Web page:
April 11, 2015
Aside from creating a bumper crop of mosquitoes, standing water in the garden has the capability of wreaking all sorts of damage on the garden itself. With the exception of such plants as rice and cattails, very few others can tolerate having at least their roots submerged for more than a couple or three days. Beyond this immediate destruction, standing water can inflict other injuries that could prove to be long-lasting. A short list of these harms include the following.
In the short-term, stagnate water prevents oxygen from reaching the roots of garden plants. Even before the plants die from this, they will become weakened and vulnerable to attacks from insects, bacteria, and fungi. To make things worse, a lot of these assailants reproduce more easily in wet soil. These agents can continue their work even after the soil begins drying out.
Even relatively light soils like those in Ann Arbor MI can become very compacted when exposed to enough standing water. The water helps wash soil particles down into natural cracks and gaps in the topsoil as it moves downward. If either human or animal traffic treads over these areas, the compaction will be made even worse. Since plants need oxygen reaching their roots at all times, this can become a long-term problem that can inhibit plant growth.
As stagnate water in the garden flows downward, it not only carries loose soil to fill in vital air gaps needed by plants, it also pulls important nutrients and minerals deeper underground as well. This takes them out of the root zone where they’re usable by plants.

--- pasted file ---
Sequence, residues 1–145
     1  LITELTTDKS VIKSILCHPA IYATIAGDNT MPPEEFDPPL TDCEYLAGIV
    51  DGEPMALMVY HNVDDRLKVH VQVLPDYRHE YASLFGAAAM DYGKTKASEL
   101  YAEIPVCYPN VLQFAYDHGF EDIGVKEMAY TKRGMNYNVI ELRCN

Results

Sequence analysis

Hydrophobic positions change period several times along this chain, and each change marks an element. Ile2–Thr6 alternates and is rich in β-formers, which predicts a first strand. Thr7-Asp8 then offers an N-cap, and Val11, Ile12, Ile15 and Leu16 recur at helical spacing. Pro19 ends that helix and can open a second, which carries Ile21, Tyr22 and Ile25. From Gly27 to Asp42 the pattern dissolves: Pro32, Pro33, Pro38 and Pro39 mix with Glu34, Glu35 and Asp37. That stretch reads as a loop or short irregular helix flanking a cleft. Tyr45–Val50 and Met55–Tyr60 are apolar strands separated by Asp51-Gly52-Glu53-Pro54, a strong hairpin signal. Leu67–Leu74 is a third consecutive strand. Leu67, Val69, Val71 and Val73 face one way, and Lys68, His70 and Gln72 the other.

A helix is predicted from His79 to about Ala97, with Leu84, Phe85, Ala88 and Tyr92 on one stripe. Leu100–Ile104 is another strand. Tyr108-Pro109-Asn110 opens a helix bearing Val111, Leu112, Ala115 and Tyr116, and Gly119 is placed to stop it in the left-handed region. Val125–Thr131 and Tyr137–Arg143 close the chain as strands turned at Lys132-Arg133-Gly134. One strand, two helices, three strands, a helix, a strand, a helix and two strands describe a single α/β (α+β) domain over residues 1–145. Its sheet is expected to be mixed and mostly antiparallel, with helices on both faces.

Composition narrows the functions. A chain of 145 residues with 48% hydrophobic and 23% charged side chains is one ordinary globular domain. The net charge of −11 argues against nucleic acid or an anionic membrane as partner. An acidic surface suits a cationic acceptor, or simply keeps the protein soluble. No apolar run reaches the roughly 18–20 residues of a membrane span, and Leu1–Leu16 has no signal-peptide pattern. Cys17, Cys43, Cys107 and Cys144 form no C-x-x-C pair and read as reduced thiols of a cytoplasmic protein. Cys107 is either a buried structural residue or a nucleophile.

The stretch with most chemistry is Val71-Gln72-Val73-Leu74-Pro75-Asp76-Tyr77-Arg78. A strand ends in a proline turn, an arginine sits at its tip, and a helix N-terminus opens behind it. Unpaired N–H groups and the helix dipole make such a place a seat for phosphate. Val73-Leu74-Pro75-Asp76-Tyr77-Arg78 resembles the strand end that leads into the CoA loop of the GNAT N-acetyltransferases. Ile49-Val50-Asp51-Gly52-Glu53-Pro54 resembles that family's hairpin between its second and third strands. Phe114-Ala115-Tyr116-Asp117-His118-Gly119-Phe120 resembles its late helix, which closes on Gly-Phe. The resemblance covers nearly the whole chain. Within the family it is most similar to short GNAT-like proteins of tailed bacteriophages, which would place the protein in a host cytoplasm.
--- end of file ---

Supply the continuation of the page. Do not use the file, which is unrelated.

Wet conditions promote the proliferation of certain plant-damaging bacteria and fungus. Even when they recede during dryer periods, they’re still available in the ground in larger quantities than before. This allows them to attack in bigger numbers when favorable conditions reappear in the future. Among the potential threats are fusarium fungi and plant parasites like pythium. Root and crown rot are both produced by the pathogen phytophthora that’s widespread and includes Ann Arbor MI in its territory.
Another long-lasting problem left behind when water builds up in the garden is toxic residues. Various garden and lawn chemicals that are normally dispersed in the garden can become concentrated as water soaks into the ground and pulls them towards the center of a low spot. When plant roots are cut off from oxygen and begin to die, a couple of chemicals can be generated from the subsequent rotting and decay. Hydrogen sulfide, the gas that smells like rotten eggs, is created by decaying plant material. This chemical can dissolve in the water to create acid that can raise soil acid levels too high. Also, dying plants mixed with water provide a good opportunity for fermentation to occur. The resulting ethyl alcohol can contaminate the soil and interfere with later replanting until the alcohol eventually breaks down.
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